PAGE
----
Volatility has emerged as a top concern for manufacturing companies since the global recession of 2008-2010, according to Worldwide Manufacturing Supply Chain Demand Sensing and Planning 2013 Vendor Assessment, a study released by IDC Manufacturing Insights.
For some manufacturing sub-verticals like engineering-oriented value chains, volatility manifests itself in the form of supply complexity; for other sub-verticals like brand-oriented value chains, volatility manifests itself in the form of demand complexity; for still others like technology-oriented value chains, it's both. The result has been a renewed focus on demand planning and a desire to improve their forecasting capabilities and performance. The study focuses on this critical area, with an eye towards the notable vendors in the space.
"Indications are good for a continued strong future for supply chain demand sensing and planning applications in manufacturing - particularly in those sub-segments like consumer products and high-tech where companies experience high levels of demand volatility," says Simon Ellis, Practice Director, IDC Manufacturing Insights. "We believe that manufacturers who better leverage demand sensing and planning technology to deliver consistently against their service obligations, whilst maintaining required cost levels, will strengthen their current market positions and will be more viable in the long term."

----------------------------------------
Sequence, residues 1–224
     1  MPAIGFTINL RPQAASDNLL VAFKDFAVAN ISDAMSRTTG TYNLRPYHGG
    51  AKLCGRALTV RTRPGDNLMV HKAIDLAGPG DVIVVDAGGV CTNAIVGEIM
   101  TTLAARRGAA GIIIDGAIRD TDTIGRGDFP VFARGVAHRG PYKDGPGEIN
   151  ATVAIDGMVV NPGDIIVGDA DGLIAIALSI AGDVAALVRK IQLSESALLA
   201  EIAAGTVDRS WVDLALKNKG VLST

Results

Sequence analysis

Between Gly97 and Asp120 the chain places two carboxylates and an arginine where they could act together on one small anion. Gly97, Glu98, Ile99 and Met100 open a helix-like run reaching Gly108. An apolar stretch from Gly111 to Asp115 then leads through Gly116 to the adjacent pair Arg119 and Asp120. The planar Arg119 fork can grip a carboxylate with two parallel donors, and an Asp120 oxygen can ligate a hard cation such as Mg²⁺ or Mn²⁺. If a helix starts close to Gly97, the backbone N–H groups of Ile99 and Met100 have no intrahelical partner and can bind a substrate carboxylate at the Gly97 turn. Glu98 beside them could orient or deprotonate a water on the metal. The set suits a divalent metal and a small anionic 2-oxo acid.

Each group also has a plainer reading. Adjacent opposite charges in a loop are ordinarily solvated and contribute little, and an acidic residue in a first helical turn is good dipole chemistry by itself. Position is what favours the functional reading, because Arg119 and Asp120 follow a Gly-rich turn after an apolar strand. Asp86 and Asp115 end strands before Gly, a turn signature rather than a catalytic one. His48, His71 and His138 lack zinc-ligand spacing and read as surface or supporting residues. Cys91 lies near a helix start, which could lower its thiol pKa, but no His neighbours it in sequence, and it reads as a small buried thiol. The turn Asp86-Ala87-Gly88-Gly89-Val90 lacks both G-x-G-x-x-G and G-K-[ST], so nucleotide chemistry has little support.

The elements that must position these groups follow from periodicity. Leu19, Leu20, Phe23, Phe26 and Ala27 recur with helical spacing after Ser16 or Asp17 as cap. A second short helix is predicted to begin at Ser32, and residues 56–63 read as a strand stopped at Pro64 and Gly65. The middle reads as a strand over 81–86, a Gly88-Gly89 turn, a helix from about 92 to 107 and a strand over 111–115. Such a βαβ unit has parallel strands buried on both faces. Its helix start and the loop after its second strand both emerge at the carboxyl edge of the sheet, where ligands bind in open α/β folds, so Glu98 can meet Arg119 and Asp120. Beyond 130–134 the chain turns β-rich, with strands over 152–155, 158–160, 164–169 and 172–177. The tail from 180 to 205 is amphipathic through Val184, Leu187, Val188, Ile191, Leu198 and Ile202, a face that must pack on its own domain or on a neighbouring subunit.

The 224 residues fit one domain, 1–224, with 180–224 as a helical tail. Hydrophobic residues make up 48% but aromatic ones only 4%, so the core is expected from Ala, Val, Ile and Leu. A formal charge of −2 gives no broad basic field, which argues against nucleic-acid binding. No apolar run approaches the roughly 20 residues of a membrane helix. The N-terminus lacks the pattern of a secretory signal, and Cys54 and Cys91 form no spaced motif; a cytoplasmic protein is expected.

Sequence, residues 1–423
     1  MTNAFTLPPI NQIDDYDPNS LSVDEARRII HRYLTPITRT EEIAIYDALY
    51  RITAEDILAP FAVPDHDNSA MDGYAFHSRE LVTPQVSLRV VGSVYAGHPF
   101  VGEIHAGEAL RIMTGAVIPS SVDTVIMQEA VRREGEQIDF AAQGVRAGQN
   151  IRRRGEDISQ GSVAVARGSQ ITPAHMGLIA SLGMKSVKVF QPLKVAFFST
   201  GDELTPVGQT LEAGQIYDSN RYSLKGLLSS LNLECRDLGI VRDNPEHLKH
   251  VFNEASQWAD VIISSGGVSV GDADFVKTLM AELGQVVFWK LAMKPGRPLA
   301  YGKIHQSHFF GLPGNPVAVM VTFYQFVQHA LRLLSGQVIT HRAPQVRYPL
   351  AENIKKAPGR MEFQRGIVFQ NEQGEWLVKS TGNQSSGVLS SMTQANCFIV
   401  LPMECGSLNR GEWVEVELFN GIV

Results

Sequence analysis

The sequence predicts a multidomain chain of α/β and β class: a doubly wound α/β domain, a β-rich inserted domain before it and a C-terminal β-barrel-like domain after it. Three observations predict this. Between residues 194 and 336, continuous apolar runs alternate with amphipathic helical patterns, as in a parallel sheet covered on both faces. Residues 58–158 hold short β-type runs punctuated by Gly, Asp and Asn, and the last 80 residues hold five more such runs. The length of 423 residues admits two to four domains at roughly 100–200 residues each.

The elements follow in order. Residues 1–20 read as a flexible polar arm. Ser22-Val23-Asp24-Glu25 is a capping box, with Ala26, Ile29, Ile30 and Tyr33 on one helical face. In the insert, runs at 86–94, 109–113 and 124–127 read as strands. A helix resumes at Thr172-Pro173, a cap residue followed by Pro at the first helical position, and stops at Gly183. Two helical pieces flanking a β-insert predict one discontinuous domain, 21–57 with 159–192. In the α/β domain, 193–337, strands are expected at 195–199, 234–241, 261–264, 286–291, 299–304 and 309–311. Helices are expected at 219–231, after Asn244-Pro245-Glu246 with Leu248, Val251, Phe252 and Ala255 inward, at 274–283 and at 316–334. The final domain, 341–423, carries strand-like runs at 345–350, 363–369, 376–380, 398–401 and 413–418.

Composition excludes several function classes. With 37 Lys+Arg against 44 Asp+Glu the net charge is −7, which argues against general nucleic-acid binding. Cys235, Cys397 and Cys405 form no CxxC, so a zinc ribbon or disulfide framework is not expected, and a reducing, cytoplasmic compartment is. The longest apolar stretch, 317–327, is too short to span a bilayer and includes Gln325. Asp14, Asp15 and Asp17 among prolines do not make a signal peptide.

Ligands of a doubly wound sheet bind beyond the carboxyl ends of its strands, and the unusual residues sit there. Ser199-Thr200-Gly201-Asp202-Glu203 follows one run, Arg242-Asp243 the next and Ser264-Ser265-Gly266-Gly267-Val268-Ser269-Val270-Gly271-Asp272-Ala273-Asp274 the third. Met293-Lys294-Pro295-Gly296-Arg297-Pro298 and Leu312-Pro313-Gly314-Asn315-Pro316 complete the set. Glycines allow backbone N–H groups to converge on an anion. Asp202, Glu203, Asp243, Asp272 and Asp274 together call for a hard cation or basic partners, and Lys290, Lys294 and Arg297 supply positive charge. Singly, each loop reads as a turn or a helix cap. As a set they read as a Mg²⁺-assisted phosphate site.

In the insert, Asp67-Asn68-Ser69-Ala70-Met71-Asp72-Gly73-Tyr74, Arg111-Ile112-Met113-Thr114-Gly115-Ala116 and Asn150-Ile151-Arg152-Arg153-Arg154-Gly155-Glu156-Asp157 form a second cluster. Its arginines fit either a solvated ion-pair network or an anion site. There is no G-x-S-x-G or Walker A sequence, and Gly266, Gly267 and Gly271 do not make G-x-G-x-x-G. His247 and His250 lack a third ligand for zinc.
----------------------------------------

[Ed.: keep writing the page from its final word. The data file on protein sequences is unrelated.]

The study suggests the future for manufacturing supply chain demand sensing and forecasting is bright. Not only are manufacturing companies across most industry segments prioritizing these capabilities, but that priority is reflected in IT spending growth. According to the report, expected market growth for demand planning applications outstrips overall manufacturing supply chain management spending growth by over one percentage point.
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Source: IDC Manufacturing Insights
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